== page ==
Defining Warrior Faith from Bey to Z

Before I was a warrior, I differentiated between the secular person I was and the spiritual person I became weekly on Sundays. Sabbaths were for study, praise and worship, and a time to set those things aside in favor of regular life.

That was before; I’m a big girl now.

That was my first evolution, the one where I became brave.  I made peace with taking the risk to be myself.  Authentic.  Revealed.  I pray.  I laugh (frequently).  Essentially, elementally being who I was all along, my quirky, irreverent, and often nerdily obscure sense of humor framed a life where God was Omnipotent, not just in the Bible, but in me.

Then there came the second evolution, where life body-slammed me deep into the warrior resolve bred into me and those like me by centuries of overcoming-socially, economically, professionally, personally. The legends that I’ve watched, the stories I’ve read, the music that inspires remind all confirm that when the scariest things you could imagine happen to you or those you love, it’s time to make choices.

You can let things stop you; paralyzing you with fear, or you become a warrior, learning to live like a shark. 

Sharks are incapable of swimming backward.  In fact, sharks cannot breathe without moving, as the action of forcing water through their gills while swimming provides their oxygen. Failing to move results in suffocation. Do sharks think about swimming? Their instincts require them to keep moving; because that’s what sharks do, We swim because we must. So, if we cannot give up, and we cannot go back, we need faith without hesitation or doubt. We swim or die. We need Warrior Faith.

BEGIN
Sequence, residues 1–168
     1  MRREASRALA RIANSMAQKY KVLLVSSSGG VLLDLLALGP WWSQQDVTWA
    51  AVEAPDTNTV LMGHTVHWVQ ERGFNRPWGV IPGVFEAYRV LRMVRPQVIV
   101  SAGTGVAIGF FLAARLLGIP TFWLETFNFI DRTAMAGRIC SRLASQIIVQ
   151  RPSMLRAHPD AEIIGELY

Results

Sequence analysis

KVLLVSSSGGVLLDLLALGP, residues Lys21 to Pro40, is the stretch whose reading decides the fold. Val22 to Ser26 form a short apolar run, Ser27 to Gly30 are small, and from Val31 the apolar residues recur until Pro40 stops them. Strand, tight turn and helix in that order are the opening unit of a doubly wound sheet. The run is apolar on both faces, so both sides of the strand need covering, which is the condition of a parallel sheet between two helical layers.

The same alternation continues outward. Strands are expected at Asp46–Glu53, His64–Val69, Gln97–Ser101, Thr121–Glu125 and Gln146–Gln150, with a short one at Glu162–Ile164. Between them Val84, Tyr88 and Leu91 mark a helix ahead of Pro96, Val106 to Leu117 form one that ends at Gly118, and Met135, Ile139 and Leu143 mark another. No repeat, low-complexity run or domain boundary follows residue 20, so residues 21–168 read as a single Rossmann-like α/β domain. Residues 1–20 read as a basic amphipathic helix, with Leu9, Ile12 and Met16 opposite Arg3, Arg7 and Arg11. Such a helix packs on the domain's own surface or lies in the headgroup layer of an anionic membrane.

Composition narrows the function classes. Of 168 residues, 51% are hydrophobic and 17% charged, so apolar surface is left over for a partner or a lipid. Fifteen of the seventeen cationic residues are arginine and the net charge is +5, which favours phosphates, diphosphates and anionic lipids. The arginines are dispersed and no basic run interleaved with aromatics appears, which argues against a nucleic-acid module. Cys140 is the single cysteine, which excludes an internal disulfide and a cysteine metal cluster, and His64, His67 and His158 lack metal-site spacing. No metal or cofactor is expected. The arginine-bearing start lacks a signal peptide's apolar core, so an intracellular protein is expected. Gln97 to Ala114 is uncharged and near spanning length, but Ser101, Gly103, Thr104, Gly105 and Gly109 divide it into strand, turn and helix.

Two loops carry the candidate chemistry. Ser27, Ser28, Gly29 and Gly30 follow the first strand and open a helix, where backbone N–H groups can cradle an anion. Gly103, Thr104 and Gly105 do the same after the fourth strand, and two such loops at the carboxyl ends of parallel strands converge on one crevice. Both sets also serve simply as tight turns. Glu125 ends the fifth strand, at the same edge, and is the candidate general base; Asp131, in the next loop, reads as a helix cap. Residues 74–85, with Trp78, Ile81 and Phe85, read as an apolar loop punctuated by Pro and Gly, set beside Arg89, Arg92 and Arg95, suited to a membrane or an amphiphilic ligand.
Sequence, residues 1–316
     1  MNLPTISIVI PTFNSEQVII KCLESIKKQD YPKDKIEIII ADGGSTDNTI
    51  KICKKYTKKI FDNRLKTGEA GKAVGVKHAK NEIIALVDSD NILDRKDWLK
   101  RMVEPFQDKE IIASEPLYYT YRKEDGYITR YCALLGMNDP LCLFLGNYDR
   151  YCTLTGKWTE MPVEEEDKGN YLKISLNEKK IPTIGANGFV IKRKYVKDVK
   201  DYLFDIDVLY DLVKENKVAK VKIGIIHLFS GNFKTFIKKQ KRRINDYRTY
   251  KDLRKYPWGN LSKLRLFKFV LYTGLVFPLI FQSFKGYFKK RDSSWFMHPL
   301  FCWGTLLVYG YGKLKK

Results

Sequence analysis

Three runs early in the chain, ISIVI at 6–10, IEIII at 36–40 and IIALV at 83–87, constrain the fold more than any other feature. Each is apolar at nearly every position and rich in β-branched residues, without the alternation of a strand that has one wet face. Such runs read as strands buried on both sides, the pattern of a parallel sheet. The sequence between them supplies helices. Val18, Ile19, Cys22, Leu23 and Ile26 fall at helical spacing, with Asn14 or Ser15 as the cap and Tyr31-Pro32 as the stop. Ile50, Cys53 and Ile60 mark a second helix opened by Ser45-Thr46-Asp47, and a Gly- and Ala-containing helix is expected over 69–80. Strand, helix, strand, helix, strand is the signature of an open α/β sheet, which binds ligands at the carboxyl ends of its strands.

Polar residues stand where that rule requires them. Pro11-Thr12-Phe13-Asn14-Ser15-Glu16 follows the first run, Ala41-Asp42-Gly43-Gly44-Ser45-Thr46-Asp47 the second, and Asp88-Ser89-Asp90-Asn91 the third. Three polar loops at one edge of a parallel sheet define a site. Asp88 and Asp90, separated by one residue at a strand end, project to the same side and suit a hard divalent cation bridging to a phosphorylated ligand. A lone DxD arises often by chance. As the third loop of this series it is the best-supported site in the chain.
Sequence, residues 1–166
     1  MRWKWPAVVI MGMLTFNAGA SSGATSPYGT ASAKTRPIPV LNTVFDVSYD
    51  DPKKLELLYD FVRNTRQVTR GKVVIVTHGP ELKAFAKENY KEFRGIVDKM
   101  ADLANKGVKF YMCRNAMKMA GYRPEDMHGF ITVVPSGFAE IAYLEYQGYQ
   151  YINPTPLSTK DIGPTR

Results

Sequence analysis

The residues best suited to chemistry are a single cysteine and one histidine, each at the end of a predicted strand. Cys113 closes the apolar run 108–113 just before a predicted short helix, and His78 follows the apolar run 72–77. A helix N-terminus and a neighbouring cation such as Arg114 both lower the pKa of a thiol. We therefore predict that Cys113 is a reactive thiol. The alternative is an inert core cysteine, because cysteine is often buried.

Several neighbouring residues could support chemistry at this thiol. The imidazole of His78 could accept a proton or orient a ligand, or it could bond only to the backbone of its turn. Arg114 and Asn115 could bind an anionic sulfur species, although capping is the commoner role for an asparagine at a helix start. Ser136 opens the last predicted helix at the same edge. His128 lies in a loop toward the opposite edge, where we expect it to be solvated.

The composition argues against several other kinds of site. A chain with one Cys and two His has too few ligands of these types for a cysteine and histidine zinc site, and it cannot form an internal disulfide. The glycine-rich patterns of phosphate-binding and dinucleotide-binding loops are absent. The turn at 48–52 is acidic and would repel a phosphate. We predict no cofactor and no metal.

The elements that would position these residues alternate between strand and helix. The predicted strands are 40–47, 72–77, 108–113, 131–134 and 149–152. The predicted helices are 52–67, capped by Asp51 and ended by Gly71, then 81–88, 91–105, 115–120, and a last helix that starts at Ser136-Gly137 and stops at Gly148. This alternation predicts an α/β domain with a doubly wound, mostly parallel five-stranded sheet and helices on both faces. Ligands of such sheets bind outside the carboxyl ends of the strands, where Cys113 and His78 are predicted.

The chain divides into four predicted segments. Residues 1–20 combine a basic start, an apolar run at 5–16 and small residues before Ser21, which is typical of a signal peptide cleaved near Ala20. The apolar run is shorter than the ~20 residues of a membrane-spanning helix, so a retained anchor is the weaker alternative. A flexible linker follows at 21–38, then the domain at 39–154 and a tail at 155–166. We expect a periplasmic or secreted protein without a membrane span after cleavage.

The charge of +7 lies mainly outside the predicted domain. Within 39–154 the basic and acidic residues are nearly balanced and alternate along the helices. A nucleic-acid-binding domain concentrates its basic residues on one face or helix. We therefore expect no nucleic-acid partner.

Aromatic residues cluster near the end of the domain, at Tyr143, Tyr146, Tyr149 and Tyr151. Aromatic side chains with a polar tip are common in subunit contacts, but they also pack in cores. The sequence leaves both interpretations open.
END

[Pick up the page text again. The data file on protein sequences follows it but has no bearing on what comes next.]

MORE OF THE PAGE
Warrior Faith is my DNA.

A shared cultural legacy, it is the muscle memory of my soul, sown into me with every bedtime encouragement, every embrace, every action, the music that moves me and the words that inspire me.

“Take one pint of water, add a half pound of sugar, the juice of eight lemons, the zest of half lemon. Pour the water into one, then to another several times. Strain through a clean napkin. Grandmother. The alchemist. You spun gold out of this hard life. Conjured beauty from the things left behind. Found healing where it did not live. Discovered the antidote in your own kitchen. Broke the curse with your own two hands. You past these instructions down to your daughter, who then passed them down to her daughter.”

Beyonce, Lemonade

Pop music ministering courage? Through Beyonce Knowles Carter, God emboldens me with tenderness; “fear thou not, for I am with thee,” in the rhythm of your daily worship, in the mundane, always. No longer needing to differentiate because Father/Mother/God is with me, I am well. Even when it doesn’t feel like it.


I speak to God in public” Chance the Rapper, Blessings


No longer constrained by any need to flip the God switch, I am free to always be, in the words of lyricist and modern psalmist Donald Lawrence, “not a natural being having a spiritual experience, but….a spiritual being living this natural experience.”


Several of my people are going through, right now. It’s mountain moving time. If I needed to shift gears into, rather than living in warrior pose, I’d waste valuable time. Having been raised with warrior faith, having learned to perservere in my armor, I live primed, ready for the trumpet sound. If there are people who genuinely care for you but can’t understand, they cannot be along for this ride. There’s a place for those folks in your life, but not on the Warrior path. Warriors have things to do; it is mountain moving time.


How do we move mountains?


Warrior Faith. Warrior Faith means “do anyway.” Warrior Faith means dragging your sorry *ss out of bed despite being too weary to move, because Father/Mother/God promises that if you do that one thing, Grace will precede you there.


I see God everywhere. It’s a declaration recently made, and a statement by which I live. Affirmed by the thinkers and writers that inspire me and sing my perspective, I walk in my warrior faith.


Solely by that faith, we warriors move mountains.

  • We begin by acknowledging our weakness, our frailties and our fears, and that we are broken.
  • Having confessed, we give thanks and show up, scanning the horizons, because the mountains are about to get out of our way.
  • We remain ever vigilant, ever seeking.


In the words of Zora Neale Hurston,



“They seemed to be staring at the dark, but their eyes were watching God.”

Chelle Wilson
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